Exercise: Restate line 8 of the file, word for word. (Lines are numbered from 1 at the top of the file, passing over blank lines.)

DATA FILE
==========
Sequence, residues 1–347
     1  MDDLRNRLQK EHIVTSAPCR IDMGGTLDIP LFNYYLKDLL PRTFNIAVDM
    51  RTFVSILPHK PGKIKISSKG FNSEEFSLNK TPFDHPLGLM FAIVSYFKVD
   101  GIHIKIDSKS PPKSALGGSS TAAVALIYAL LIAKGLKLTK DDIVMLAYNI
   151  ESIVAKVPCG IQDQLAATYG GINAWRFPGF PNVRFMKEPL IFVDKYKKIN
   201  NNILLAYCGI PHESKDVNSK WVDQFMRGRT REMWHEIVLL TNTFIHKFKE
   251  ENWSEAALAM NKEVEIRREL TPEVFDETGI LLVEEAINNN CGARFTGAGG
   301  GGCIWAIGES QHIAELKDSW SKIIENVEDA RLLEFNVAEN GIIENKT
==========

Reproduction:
   301  GGCIWAIGES QHIAELKDSW SKIIENVEDA RLLEFNVAEN GIIENKT